Wellington PSAY Convenor By-elections


Profiles of the people standing for PSAY Wellington Convenor

Name: Alastair Reith

Workplace: NZ Resuscitation Council

Location: WellingtonAlastair pic3

Why are you standing to become a PSAY convenor, and what interest you most about the role?

Young people are the future of our movement, and too few young people know what the word union means! As an active trade unionist since the age of 15, I see this role as a valuable opportunity to engage and involve an under-represented part of our organisation. I’m excited to support the next generation of workers organising for a more equal society. A role like this isn’t a title you pick up for your CV. I intend to make the position mean something.

What has your previous involvement with PSA Youth Network?

In Dunedin (My home town) I worked closely with Dan and Vicki from the PSA Youth Network for several years. We organised regular meetings of young union member in the local PSA office, to chat about issues affecting us and how to solve them – all over pizza and beers. We were active in the campaigns to end zero hour contracts at McDonald’s, where I was a union delegate, and to support locked out meat workers battling Talley’s for a fair contract. PSA Youth can be very effective.

How have you been involved in other aspects of the PSA?

I joined the PSA on the same day I started my job, a previously non-union workplace. It feels good to grow the movement. I’ve gone down to recent IRD and MBIE strikes with friends (many of whom are also PSA members), and took videos for the unions wellington facebook page which were viewed thousands of times. I think it’s inspiring to see so many young workers in the public service taking strike action after years of wage freezes (i.e. wage cuts). We’ve had enough, and we deserve more.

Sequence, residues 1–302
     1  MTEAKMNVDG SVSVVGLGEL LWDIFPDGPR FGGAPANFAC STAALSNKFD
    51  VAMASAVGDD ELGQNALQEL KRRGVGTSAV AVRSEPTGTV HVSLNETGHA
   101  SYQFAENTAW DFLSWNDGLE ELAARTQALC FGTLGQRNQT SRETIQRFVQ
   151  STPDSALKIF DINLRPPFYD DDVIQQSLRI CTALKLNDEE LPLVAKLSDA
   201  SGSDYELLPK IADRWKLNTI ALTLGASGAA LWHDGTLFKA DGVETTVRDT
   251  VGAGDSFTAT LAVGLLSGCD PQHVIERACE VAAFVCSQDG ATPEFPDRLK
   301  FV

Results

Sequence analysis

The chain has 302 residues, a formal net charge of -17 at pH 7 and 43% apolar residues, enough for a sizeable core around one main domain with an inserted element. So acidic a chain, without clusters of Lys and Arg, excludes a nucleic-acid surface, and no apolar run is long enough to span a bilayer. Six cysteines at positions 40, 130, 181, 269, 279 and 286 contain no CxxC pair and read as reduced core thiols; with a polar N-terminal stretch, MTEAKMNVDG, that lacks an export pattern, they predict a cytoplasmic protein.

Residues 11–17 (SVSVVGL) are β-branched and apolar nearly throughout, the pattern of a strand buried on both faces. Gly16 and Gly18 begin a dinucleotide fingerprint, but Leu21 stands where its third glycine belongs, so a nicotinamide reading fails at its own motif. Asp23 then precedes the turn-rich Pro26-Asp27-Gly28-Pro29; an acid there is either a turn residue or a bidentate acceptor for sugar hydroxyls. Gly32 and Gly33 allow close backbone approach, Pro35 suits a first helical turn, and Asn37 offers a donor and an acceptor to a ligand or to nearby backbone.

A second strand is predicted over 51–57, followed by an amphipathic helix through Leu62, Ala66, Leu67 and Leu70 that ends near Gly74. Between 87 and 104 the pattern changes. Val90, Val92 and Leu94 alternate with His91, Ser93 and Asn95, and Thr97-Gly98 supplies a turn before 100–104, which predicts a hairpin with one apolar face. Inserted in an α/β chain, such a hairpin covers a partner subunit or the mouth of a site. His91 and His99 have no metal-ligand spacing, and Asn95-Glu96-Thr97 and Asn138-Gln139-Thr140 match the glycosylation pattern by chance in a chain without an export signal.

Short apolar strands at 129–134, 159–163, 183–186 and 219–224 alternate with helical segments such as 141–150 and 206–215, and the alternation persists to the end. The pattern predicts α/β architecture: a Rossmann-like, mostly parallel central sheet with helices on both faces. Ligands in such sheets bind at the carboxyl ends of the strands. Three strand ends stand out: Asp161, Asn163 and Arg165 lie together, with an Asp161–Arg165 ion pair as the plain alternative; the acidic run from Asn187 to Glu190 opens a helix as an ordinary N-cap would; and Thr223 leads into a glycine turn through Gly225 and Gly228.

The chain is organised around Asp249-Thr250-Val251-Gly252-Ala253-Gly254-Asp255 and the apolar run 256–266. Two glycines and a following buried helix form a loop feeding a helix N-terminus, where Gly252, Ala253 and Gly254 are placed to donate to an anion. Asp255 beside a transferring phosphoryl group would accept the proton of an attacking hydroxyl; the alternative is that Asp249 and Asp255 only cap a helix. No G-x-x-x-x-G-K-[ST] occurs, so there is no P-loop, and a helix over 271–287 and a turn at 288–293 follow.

What do you think you would bring to the role if elected as a convenor?

I have extensive experience in similar roles. I was on the steering committee of Stand Up, youth wing of the Council of Trade Unions., I represented Unite Union, for whom I was a site delegate and an elected member of the National Executive. For al most two years I worked as a communications Officer for the Maritime Union of New Zealand, and I have been actively involved in rebuilding unions wellington as an active space for young workers. I strongly believe in the power of ordinary people.

What would be your top priorities in the role?